As more people recognize the value of home care, it is increasing the demand for these services. It’s also allowing others to begin looking beyond the traditional caregiver for these benefits.
One such aspect to in-home care that is increasing throughout numerous communities around the country involves pet therapy. While pet therapy may not be for everyone, it has been shown to provide immense value not only emotionally -but physically- for some seniors.
Pet therapy can assist people in reducing anxiety, bolstering memory for those who may be struggling with certain diseases like Alzheimer’s, and provide comfort for the lonely. Some research has also indicated a possible drop in blood pressure for those who simply stroke a pet sitting next to them.
There are different types of pet therapy available and as in-home care agencies and providers recognize the value this may offer, it may simultaneously inspire other seniors and disabled adults to begin looking into home care, perhaps for the first time.
As noted in the Chron.com blog, Pet therapy volunteers spread comfort and joy in northwest Houston, written by Melanie Feuk:
Being a pet therapy volunteer has helped Conner honor the memory of her daughter, who was involved in pet therapy volunteer work geared toward pediatrics. Different pet therapy organizations focus on different areas of need, she said. Potential volunteers have options when determining how they would like to use pet therapy to benefit others. Conner, for example, feels called to provide pet therapy for nursing home residents.
“I keep putting myself in their position,” Conner said. “This is what I would want.”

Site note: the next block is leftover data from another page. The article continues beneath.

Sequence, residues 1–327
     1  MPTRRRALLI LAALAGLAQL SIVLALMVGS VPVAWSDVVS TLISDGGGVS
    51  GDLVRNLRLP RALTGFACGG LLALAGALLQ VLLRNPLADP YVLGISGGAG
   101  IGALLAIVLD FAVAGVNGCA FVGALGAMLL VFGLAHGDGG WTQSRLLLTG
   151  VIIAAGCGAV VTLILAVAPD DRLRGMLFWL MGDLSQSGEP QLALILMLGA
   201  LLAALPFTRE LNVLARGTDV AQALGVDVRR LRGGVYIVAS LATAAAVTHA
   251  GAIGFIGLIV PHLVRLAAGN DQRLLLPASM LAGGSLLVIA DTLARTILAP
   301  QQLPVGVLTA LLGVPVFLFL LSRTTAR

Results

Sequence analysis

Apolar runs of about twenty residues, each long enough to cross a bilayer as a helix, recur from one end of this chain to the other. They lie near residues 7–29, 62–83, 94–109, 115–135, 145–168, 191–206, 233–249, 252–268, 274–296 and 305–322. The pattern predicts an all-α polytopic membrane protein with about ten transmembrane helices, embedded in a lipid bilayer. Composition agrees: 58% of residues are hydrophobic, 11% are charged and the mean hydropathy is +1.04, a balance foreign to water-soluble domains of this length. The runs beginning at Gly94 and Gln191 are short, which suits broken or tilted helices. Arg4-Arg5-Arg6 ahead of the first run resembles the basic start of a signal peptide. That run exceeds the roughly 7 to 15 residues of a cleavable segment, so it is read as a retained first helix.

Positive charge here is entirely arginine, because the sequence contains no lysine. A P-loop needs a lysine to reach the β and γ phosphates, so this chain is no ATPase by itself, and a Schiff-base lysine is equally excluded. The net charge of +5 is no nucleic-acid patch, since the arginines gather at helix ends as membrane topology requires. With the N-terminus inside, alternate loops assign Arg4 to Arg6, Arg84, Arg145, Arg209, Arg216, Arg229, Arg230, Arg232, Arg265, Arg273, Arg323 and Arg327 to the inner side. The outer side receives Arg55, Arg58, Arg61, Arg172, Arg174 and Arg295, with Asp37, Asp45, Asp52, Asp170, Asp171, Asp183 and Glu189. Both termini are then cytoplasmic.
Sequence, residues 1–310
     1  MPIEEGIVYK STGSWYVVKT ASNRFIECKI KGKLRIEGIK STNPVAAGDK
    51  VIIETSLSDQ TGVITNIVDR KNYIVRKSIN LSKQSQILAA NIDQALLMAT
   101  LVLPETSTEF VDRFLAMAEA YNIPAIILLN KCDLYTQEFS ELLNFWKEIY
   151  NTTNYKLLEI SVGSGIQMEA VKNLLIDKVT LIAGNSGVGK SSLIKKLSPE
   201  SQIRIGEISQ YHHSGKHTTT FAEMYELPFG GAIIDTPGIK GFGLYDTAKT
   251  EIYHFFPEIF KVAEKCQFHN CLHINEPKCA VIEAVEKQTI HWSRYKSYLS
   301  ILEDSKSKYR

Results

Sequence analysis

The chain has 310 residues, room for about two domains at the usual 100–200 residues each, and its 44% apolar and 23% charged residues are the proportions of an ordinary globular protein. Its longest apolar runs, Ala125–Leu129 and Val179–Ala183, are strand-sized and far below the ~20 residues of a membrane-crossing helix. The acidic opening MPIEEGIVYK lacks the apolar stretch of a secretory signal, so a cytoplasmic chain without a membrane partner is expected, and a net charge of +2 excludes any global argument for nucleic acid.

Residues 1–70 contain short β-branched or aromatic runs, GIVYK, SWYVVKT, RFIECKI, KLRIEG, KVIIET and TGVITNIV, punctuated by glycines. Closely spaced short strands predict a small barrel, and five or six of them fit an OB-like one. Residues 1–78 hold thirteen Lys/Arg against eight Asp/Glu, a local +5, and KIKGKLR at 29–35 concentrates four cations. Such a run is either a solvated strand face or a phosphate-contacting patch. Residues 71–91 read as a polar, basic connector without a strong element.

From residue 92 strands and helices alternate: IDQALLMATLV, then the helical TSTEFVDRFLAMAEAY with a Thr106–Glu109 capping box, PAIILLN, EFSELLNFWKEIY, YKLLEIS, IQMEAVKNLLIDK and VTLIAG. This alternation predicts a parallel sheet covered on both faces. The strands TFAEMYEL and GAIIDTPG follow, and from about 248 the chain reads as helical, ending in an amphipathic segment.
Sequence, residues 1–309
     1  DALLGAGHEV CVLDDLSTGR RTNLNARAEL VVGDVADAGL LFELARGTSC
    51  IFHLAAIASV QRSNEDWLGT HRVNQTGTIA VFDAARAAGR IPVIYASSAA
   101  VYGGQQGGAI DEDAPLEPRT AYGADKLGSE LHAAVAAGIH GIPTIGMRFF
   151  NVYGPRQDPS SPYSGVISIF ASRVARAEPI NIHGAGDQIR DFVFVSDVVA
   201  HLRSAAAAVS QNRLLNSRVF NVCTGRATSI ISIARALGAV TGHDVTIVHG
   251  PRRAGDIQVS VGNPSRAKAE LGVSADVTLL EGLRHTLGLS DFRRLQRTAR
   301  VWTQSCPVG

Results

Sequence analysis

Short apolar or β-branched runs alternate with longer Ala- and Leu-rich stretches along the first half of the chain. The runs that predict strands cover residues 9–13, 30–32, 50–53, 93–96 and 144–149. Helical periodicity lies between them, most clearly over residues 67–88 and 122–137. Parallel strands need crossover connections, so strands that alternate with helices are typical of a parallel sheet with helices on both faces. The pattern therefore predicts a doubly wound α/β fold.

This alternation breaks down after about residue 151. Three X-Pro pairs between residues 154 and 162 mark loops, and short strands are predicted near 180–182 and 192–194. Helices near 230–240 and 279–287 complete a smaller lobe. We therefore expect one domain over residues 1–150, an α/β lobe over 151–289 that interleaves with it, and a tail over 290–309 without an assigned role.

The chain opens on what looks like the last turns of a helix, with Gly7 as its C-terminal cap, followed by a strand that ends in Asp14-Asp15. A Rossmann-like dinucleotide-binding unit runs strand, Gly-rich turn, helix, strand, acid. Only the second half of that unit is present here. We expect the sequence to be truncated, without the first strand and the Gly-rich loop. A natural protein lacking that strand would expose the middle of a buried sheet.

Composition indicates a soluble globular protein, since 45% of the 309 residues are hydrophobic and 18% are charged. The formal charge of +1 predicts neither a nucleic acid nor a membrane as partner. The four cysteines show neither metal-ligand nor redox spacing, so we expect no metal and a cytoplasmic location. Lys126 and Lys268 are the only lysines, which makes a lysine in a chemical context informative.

Bob Wagner, president of the Lawrence Street Health Care resident council, enjoys visits from Conner’s dogs, which remind him of his own. He believes pet therapy may offer the same to his fellow residents: a chance to see pets like the ones many of them had to leave behind.
It’s not just elderly and disabled men and women who can benefit from pet therapy. Also, care providers, commonly referred to as in-home care aides, may also enjoy some benefits to help avoid burnout from prolonged stress and anxiety.
Adding pet therapy options to services offered may expand not only the reach of a home care agency within its community, but also help more seniors with mental, physical, and emotional challenges that might not be managed in other ways.
It’s important for any prospective agency to understand the value of pet therapy, but also in relying on a reputable pet therapy service.
Latest posts by Valerie VanBooven, RN BSN, Editor in Chief of HomeCareDaily.com (see all)
- How Home Care Agencies Can Help Clients If They Don’t Need (or Qualify for) Services Any Longer - February 26, 2020
- New Medicare Rules Make It Harder for Some Clients to Continue Receiving In-Home Therapy Care Services - February 19, 2020
- Home Care May Help Reduce Social Isolation Among Seniors - February 14, 2020